By Bernie Woodall
Atlanta (Reuters) – Officials in the state of Georgia, United States, have granted a couple’s request to issue a birth certificate giving their toddler daughter the surname “Allah” after earlier refusing to do so because neither parent has that name, civil liberties advocates said on Thursday.
The American Civil Liberties Union, which brought a lawsuit, called the decision a victory for free expression, but a top official with the largest U.S. Muslim advocacy group criticized the choice to use the Arabic word for “God” as culturally insensitive.
ZalyKha Graceful Lorraina Allah, who will soon turn 2, was born in Atlanta to parents Elizabeth Handy and Bilal Walk, who waited about a year before seeking a birth certificate for the child.
While they had no difficulties obtaining birth certificates for their older children, ages 3 and 17, who also have the surname “Allah,” a clerk for the Georgia Department of Health blocked the request for the youngest child.
Last month, the ACLU filed suit in state court against the leaders of the state department of health and the state office of vital records to compel them to allow the surname chosen by the parents, said Sean J. Young, legal director for the ACLU of Georgia.
Georgia law requires that clerks allow any name chosen by the parents as long as it is not provocative or offensive, Young said in a phone interview. The department relented on Friday, and the ACLU dropped the suit.
Nihad Awad, national director for the Council on American-Islamic Relations, said that while many people have names that are derivations of Allah, such as Abdullah, which means “servant of God,” using “Allah” as a stand-alone surname was not culturally acceptable.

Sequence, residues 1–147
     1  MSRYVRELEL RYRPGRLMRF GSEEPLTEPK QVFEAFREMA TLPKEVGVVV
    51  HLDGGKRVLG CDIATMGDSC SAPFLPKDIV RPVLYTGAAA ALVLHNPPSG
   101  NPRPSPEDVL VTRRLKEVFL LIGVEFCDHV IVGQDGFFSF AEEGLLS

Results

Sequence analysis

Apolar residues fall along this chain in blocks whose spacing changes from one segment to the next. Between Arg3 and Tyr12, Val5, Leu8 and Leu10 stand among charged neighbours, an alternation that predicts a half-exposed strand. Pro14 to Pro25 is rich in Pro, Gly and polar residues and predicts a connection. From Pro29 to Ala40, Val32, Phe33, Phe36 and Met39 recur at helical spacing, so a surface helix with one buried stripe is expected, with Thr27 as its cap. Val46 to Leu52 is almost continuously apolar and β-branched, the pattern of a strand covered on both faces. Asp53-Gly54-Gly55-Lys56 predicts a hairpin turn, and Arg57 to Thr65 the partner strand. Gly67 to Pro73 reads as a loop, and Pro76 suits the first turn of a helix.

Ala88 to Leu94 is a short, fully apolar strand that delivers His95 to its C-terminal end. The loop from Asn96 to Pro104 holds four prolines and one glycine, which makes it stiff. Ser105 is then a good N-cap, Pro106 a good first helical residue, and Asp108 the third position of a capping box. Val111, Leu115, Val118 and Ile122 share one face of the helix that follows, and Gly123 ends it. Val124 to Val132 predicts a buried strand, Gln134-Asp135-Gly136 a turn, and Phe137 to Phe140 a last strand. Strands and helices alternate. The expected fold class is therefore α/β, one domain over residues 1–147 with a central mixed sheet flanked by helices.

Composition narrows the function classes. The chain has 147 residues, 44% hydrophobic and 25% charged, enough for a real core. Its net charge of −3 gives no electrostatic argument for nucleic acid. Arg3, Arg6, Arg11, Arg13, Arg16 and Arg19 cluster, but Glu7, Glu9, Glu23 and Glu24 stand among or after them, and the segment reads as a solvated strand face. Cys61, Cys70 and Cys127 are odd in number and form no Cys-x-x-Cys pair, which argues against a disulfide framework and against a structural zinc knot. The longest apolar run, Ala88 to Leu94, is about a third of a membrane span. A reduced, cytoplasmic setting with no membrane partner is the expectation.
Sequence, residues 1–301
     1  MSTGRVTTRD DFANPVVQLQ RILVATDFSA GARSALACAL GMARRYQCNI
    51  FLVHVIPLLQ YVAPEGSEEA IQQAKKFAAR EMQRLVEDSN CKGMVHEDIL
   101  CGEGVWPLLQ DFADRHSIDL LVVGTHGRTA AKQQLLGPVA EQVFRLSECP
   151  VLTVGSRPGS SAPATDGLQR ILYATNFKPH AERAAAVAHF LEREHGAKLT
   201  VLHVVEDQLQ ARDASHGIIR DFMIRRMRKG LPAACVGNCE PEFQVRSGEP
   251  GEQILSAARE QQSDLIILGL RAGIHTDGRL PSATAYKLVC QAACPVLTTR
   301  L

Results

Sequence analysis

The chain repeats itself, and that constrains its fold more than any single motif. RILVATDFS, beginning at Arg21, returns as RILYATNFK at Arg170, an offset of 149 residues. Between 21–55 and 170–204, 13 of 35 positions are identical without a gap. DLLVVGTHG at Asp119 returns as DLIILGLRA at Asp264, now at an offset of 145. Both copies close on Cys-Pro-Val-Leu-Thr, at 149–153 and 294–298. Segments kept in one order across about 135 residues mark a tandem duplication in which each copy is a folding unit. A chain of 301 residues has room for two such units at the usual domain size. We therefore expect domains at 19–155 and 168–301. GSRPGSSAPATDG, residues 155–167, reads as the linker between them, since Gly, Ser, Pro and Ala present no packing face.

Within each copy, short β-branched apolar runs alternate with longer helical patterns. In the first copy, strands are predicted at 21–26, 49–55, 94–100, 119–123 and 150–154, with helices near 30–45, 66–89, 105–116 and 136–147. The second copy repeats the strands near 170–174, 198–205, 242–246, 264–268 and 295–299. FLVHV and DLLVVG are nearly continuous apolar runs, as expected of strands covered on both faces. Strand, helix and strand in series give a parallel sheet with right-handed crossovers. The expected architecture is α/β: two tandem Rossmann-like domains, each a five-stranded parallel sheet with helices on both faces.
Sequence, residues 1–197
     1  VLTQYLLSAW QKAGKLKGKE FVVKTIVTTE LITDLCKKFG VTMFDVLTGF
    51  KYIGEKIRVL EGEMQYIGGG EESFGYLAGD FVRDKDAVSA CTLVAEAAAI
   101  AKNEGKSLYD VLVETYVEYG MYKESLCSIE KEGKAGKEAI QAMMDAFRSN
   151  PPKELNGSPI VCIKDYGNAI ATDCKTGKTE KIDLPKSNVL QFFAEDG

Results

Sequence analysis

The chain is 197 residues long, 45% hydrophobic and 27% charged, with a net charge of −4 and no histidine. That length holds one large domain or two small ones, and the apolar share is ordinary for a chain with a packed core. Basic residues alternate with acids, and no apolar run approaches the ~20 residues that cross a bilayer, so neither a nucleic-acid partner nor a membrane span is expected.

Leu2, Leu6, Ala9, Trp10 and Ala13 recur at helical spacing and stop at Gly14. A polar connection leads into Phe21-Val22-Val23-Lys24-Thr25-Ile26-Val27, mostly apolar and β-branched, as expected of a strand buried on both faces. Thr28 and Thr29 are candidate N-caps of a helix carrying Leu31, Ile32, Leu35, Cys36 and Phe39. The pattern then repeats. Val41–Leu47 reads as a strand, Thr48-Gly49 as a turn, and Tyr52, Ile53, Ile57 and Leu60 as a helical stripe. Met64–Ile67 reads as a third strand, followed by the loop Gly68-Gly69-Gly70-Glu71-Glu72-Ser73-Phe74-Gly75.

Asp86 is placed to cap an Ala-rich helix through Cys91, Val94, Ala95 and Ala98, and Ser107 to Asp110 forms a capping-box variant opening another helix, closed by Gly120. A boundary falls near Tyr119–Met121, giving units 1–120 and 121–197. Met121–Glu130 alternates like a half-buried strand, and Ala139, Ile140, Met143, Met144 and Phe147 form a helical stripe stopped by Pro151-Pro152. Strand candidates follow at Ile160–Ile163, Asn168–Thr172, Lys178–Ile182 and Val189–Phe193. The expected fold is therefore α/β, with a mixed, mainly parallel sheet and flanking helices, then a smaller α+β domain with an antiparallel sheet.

“You would never use just Allah. That would be considered very inappropriate,” Awad said in a phone interview.
Young said he did not know if the couple were Muslim but that he considered the question legally irrelevant.
Handy and Walk, who were not available for comment, live together in Atlanta and are expecting a fourth child, Young said.
“This is an important vindication of parental rights,” Andrea Young, executive director of the ACLU of Georgia, said in a statement. “No one wants to live in a world where the government can dictate what you can and cannot name your child.”
A spokeswoman for the Georgia Department of Health declined to comment on the matter.
(Reporting by Bernie Woodall in Fort Lauderdale, Fla; Editing by Scott Malone and Peter Cooney)